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Jobs and Careers for ENTPs: Tips to Find Your Fit

Deidre has a Masters in applied linguistics and translation for her 20 years overseas. She's worked as a certified provider of the MBTI®.

Are you an ENTP? Read on to see which jobs will make the best use of your high-energy personality!

Are you an ENTP? Read on to see which jobs will make the best use of your high-energy personality!

Calling ENTPs!

Are you like the ENTP personality type? ENTPs favor the two mental functions of intuition and thinking. As an NT (intuition-thinking), you want to understand the world around you! Let's keep this in mind as we examine potential career opportunities.

What Do ENTPs Look for in a Job?

You want a job where you are regularly challenged to understand things and systems. But how to find such a job? Where to start?

Not only is it difficult to find a job, but it's difficult to decide what kind of job you even want in the first place. Here are some tips on finding a job that will be motivating and energizing for your specific personality type.

Your Two Favorite Mental Functions

As one of the 16 Myers-Briggs® personality types, you use your favored N-T mental functions in a unique way.

These favorite mental functions use the lion's share of your psychological energy and are therefore a must for job choice, because of how our personality type is motivated and energized.

Most Attractive Occupations for an ENTP

  • Photographer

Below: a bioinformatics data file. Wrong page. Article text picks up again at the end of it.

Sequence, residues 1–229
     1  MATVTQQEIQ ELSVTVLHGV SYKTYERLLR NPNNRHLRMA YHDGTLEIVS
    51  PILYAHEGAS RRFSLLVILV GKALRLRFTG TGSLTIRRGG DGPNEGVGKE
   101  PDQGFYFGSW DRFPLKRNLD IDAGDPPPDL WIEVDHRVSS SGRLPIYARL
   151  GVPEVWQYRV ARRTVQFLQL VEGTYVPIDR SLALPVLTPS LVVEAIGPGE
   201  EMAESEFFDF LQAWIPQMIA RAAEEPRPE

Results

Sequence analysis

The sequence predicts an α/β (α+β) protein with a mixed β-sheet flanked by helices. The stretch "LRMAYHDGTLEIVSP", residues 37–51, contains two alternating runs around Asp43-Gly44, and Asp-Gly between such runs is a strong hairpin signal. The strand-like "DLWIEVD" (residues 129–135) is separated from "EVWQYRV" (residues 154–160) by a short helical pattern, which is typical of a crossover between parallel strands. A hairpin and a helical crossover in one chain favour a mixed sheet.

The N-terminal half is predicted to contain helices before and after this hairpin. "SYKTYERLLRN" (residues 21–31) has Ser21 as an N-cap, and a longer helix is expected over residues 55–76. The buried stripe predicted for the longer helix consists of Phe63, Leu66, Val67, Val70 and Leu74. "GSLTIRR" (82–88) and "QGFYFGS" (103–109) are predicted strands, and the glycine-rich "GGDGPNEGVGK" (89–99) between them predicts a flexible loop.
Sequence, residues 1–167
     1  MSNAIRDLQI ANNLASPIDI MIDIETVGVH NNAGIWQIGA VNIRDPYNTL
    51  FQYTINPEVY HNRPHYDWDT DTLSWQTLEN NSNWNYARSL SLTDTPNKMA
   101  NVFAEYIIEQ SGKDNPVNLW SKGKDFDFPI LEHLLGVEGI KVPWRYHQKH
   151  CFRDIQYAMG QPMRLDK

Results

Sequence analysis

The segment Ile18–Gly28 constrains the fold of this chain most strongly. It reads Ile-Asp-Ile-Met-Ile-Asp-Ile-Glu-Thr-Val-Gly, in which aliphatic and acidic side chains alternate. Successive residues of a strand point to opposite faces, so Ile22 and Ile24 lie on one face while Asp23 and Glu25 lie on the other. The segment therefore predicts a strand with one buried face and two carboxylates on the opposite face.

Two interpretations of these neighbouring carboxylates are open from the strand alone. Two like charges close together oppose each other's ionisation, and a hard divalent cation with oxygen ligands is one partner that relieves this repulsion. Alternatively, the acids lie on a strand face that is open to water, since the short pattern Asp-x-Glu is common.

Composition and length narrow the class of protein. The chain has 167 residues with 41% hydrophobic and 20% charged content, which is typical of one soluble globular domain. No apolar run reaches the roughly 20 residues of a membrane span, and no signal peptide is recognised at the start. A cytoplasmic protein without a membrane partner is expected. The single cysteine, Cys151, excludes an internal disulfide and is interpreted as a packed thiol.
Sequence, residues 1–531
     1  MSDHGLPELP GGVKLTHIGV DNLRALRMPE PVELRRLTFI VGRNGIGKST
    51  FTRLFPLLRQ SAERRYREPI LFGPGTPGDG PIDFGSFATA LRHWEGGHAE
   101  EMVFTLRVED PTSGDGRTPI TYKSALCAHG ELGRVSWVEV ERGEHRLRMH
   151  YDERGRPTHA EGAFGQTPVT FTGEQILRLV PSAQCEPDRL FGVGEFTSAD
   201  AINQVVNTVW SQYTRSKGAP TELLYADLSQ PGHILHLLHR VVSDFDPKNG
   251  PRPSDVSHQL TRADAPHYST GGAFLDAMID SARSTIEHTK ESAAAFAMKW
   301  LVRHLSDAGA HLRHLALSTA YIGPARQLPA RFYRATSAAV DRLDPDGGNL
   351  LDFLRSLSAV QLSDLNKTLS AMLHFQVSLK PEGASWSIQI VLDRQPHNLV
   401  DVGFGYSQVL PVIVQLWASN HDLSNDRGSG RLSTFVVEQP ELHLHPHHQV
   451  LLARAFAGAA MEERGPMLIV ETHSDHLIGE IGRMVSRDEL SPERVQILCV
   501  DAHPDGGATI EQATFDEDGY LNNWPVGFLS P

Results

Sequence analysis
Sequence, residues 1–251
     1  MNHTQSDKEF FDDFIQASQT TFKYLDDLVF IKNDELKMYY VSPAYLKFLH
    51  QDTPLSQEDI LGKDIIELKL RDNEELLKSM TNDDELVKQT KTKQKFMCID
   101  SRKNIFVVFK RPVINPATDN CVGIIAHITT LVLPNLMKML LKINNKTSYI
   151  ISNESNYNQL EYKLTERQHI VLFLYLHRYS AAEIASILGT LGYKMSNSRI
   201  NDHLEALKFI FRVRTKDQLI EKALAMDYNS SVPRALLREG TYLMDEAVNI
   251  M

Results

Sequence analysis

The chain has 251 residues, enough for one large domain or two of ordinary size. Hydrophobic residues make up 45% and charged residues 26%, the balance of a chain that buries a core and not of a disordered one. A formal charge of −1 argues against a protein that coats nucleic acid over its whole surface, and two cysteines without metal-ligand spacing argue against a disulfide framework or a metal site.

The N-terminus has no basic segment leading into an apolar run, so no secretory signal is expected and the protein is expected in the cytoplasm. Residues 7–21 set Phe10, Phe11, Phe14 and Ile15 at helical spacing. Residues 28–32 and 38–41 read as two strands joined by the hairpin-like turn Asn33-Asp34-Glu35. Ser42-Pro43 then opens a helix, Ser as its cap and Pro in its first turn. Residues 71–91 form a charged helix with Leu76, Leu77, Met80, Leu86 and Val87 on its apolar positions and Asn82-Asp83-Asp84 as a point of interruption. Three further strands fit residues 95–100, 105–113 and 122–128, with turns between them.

• marketing professional
  • writer or journalist
  • computer professional
  • credit investigator or mortgage broker
  • psychiatrist
  • engineer
  • construction laborer
  • artist or entertainer
  • research worker

1. Job Types

Jobs that fit best the ENTP personality type are those that require

  • INCLINATION: an enterprising diversity of interests
  • INCLINATION: a desire to continually take on new challenges
  • SKILL: masterful origination of new ideas and possibilities

Job areas:

  • Science
  • Management
  • Technology
  • The arts

2. Job Environment

A good job match will include these elements.

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  • Solving complex problems in innovative ways, pushing the limits.
  • Feedback on performance is provided.
  • On the cutting edge and new challenges to quickly master.
  • Limited interaction with those who are rigid unable to adapt, illogical, boring or small thinking.

3. Information to Gather

  • Establish priorities
  • A "short list" of the most interesting possibilities
  • Facts about jobs in or from a career library

4. Making Contacts

  • Ask close friends about any job opportunities they may know about, and then gradually widen the network.
  • Pause during interviews so that others can ask questions.
  • In interviews, emphasize what contributions you can make to the organization now.
  • When interviewed by a Sensing type, don't overwhelm him or her with too many possibilities.

5. Making Decisions

  • Consider also what is truly important to you or others, and not just what makes sense by logical criteria.
  • Set a deadline for deciding, posting it, or announcing it to friends.

This article combines some information from the two following books, as well as from a seminar I attended.

  • Introduction to Type and Careers
    Get your clients involved in their own career search using MBTI results. The updated Introduction to Type and Careers provides interactive exercises and realistic descriptions to explore personality type and career matching.

This article is accurate and true to the best of the author’s knowledge. Content is for informational or entertainment purposes only and does not substitute for personal counsel or professional advice in business, financial, legal, or technical matters.

© 2010 Deidre Shelden

Comments

Deidre Shelden (author) from Texas, USA on September 26, 2012:

Very good, then hope it is of some help, Olmed!

Olmed on September 26, 2012:

I think this made some sense! I have tested entp.

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